The Texas Women’s Foundation’s long-held tradition of honoring leaders in women’s philanthropy continues. Their virtual Leadership Forum and Awards Celebration will be held on April 29th. Amongst the recognitions, the Maura Women Helping Women Award and the Young Leader Award are highlighted.
As the Maura Award enters its 42nd year, the five recipients are those who have adapted their own leadership roles to further the progression of women and girls in various innovative ways. With over 200 past Maura Award recipients, these women are now part of a bold and fearless group who have taken it upon themselves to make life better for women and girls in Texas, and around the world. The Young Leader Award spotlights two women who have broken glass ceilings in their own fields and industries, demonstrating the way forward towards a more gender-balanced society.
Texas Women’s Foundation, a philanthropic leader advocating for women’s progress and stability in the southern state, has dispersed nearly $2 million in grants from their Resilience Fund since the onset of COVID-19. The disastrous aftermath of the winter storms in February left the most vulnerable of the Texan population, low-income women and their families, in dire need of assistance. The Resilience Fund didn’t hesitate.
The Resilience Fund is one of many established by the Texas Women’s Foundation, which uses evidence-based approaches to tackle the inequities that women, and specifically women of color, face in their state. The fund’s grants are a consistent and needs-based answer to the devastation these winter storms brought with them, including dozens of unnecessary deaths and nearly $20 billion in damages.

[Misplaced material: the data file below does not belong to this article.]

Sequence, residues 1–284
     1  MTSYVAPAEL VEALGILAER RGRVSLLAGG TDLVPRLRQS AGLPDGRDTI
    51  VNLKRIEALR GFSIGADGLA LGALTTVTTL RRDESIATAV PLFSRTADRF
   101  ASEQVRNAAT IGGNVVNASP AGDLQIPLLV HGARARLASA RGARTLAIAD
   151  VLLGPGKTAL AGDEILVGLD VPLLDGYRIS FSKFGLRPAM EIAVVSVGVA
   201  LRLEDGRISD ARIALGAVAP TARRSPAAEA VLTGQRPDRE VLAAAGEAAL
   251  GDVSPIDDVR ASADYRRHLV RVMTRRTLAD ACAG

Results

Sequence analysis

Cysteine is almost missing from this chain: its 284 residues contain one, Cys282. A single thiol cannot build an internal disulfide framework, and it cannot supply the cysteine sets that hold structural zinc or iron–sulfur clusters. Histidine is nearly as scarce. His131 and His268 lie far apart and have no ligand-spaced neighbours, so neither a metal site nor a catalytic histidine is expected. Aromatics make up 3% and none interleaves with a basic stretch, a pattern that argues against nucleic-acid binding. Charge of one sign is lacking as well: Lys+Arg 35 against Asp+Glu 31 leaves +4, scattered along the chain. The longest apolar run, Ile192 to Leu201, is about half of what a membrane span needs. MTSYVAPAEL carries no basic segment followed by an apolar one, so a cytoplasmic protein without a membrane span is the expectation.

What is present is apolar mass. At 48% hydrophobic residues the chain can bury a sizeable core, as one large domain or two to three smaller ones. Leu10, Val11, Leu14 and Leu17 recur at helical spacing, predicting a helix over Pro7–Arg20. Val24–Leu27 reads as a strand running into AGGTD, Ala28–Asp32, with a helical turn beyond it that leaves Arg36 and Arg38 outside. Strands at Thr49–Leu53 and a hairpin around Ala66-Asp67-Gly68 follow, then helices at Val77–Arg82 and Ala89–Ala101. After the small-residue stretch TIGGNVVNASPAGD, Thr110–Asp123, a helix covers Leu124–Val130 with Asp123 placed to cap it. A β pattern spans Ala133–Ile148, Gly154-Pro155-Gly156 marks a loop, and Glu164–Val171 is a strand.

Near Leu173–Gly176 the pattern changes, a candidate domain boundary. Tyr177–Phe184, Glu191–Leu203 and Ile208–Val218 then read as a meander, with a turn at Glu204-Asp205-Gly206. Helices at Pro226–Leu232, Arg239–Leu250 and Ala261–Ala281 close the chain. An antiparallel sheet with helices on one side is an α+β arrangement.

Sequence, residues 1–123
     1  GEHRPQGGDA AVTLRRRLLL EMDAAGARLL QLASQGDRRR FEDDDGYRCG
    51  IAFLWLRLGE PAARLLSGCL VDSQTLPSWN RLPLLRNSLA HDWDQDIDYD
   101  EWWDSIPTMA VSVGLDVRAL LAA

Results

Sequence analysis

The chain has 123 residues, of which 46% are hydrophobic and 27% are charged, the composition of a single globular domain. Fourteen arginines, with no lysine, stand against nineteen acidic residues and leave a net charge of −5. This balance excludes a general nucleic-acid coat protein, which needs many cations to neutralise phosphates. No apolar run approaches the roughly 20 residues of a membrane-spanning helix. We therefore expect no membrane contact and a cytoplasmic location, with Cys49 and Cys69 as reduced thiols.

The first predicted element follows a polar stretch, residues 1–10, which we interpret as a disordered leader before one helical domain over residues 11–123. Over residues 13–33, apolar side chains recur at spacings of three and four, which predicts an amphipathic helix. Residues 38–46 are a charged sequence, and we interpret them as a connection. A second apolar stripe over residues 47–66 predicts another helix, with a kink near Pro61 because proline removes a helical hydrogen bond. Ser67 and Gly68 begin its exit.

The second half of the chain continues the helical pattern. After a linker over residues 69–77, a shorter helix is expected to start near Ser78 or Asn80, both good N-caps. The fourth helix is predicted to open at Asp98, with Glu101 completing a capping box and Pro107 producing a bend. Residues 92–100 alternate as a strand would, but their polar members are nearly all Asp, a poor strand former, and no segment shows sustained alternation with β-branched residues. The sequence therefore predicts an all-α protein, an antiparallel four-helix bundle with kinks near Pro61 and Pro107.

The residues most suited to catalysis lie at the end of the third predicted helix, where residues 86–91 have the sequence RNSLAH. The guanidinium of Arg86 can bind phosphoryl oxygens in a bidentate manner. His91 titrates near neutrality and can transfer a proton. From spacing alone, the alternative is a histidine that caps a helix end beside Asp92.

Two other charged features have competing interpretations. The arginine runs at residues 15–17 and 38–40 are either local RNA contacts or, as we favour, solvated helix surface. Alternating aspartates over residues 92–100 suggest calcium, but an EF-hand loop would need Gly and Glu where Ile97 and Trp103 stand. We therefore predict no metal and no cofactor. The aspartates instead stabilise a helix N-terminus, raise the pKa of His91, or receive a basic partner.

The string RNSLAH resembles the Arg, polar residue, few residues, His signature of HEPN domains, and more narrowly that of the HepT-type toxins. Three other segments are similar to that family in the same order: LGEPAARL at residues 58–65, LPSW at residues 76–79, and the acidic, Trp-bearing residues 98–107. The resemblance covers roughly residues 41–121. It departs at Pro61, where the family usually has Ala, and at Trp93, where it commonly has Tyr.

A new research paper exploring how COVID-19 gender policy changes have helped female scientists and improved research quality was published recently in the Proceedings of the National Academy of Sciences. The research shines a pandemic-inspired light on how self-identified females are specifically impacted by COVID. Their job roles as scientists are being redefined and their increased caregiving roles are taking priority.
The results of the study, although unsurprising in terms of perpetual gender inequities, are unique to today’s world. The Canadian Institutes of Health Research (CIHR) initiated their “COVID-19 funding competition” in February of 2020, and found fewer females applied. Those that did apply, were also less likely to be approved.